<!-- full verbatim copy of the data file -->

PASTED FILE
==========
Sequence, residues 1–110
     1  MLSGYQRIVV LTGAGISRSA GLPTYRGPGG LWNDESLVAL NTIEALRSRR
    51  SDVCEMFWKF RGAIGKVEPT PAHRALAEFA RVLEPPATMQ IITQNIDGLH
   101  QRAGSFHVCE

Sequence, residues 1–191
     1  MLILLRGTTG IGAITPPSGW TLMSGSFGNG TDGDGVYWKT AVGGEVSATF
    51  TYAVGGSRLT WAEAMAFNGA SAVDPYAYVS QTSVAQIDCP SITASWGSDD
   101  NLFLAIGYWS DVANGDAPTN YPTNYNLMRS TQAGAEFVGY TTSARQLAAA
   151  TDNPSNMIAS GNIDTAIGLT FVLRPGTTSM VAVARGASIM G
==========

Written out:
Sequence, residues 1–110
     1  MLSGYQRIVV LTGAGISRSA GLPTYRGPGG LWNDESLVAL NTIEALRSRR
    51  SDVCEMFWKF RGAIGKVEPT PAHRALAEFA RVLEPPATMQ IITQNIDGLH
   101  QRAGSFHVCE

Sequence, residues 1–191
     1  MLILLRGTTG IGAITPPSGW TLMSGSFGNG TDGDGVYWKT AVGGEVSATF
    51  TYAVGGSRLT WAEAMAFNGA SAVDPYAYVS QTSVAQIDCP SITASWGSDD
   101  NLFLAIGYWS DVANGDAPTN YPTNYNLMRS TQAGAEFVGY TTSARQLAAA
   151  TDNPSNMIAS GNIDTAIGLT FVLRPGTTSM VAVARGASIM G